Price Earnings Ratio from Sana Securities on Vimeo.

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**Price Earnings Ratio (P/E Ratio) **is the most commonly used method of valuing companies. It is arrived at by dividing the current market price of the equity share by its EPS.

P/E Ratio can be calculated by dividing the current share price by the trailing 12 months EPS i.e. reported EPS of the last 4 quarters. A high P/E ratio indicates that the investors are expecting the earnings (and accordingly the price of the company’s shares) to grow at a faster rate and vice versa.

**Also read – Earnings Per Share (EPS)**

**So what does the P/E Ratio indicate?**

Simply put, P/E Ratio indicates how much the market is willing to pay today, to get each rupee of the future earnings of the company.

__ Example__: Company A trades at a market price of Rs. 90 and an EPS of Rs. 10 (EPS for FY 2012). The P/E ratio of Company A works out to 9 (i.e. 90/10). Assuming that Company A’s EPS will remains stable in future, it will take 9 years for the investor to realize his investment of Rs. 90.

However, the market expects the earnings of Company A to grow at a higher rate in future. Let’s assume that Company A’s earnings are expected to grow at 35% (year on year) for the next few years. How long will it take for the investor to realize his investment of Rs. 90? As shown in the table, if Company A’s EPS grows at 35% (y-o-y), the investor will realise his Rs. 90 at the end of FY 2016 (i.e. in 4 years).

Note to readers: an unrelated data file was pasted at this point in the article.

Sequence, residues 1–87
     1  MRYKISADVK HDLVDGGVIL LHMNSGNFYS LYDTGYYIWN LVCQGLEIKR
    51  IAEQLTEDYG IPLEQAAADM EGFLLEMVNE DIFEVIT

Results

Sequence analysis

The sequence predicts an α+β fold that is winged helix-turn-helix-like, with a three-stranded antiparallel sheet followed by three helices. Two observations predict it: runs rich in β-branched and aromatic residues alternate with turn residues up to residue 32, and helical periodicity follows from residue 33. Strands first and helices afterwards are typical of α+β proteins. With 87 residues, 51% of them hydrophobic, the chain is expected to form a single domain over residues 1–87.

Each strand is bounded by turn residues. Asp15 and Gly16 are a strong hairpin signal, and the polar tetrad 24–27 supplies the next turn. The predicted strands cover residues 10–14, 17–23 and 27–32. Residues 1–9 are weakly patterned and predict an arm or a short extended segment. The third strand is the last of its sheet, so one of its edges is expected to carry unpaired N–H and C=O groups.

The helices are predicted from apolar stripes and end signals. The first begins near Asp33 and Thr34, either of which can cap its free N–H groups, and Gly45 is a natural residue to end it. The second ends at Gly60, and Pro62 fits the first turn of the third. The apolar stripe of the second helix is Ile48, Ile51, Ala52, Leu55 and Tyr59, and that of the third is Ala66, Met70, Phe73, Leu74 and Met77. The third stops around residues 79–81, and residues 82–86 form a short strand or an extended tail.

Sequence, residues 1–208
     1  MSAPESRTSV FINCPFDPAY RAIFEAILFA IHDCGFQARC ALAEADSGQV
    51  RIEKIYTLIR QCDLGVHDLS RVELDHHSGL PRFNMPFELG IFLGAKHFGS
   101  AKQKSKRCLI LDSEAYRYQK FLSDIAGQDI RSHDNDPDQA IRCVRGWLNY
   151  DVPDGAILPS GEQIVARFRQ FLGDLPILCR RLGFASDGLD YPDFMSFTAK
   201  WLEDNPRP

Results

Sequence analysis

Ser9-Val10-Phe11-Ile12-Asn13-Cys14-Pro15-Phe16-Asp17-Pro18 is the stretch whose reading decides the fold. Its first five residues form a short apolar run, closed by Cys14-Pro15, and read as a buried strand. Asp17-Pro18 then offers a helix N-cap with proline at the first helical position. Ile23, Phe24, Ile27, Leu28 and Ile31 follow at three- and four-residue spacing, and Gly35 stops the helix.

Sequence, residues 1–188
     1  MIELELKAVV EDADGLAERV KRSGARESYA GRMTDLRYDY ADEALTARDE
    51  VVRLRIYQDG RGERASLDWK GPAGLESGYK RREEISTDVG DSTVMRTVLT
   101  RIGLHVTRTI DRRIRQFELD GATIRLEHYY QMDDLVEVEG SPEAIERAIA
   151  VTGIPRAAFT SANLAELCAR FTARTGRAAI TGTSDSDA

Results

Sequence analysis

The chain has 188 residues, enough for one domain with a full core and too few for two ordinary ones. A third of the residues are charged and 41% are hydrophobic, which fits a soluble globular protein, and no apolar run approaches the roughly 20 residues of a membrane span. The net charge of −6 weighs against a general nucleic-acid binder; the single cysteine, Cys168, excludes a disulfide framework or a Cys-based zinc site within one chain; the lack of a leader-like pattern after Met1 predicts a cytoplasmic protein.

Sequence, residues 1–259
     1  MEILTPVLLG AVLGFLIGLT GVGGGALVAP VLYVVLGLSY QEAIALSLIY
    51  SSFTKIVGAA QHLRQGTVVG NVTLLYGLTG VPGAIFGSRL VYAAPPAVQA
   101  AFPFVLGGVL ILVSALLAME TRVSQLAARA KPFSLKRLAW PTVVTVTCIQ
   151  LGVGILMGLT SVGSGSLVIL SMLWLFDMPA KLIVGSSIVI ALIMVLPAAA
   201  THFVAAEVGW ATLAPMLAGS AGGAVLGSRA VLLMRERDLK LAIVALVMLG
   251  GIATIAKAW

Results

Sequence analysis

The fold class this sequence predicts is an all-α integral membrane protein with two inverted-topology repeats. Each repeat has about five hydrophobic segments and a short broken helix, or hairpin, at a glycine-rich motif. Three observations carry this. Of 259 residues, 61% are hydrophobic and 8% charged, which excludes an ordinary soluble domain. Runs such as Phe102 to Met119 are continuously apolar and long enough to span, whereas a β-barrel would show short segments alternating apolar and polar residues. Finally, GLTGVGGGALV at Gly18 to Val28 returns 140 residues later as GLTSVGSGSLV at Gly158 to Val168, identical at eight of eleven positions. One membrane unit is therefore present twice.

**What is an ideal P/E Ratio?**

The answer to this question depends on the growth potential in the company’s earnings. If analysts believes that the earnings will grow at a higher rate in future, they will be willing to pay more to buy equity in the company and such a company will command a higher P/E and vice verssa.

Companies in some sectors command a high P/E Ratio in comparison to companies in other sectors. For example, technology and FMCG companies command higher P/E ratios since it is believed that their earnings (and accordingly the EPS) grow at a faster pace.

**Forward P/E Multiple**: When analysts talk of forward P/E Multiple, what do they mean? Forward P/E Multiple is arrived at by dividing the current market price of the share by its expected EPS at a future date. In the above, assuming a 35% EPS growth, Company A’s EPS will be 24.60 for FY 2015. Thus at the current price of Rs. 90 the stock is said to have a forward P/E multiple of 3.66 times its 2015 earnings (i.e. 90/24.60).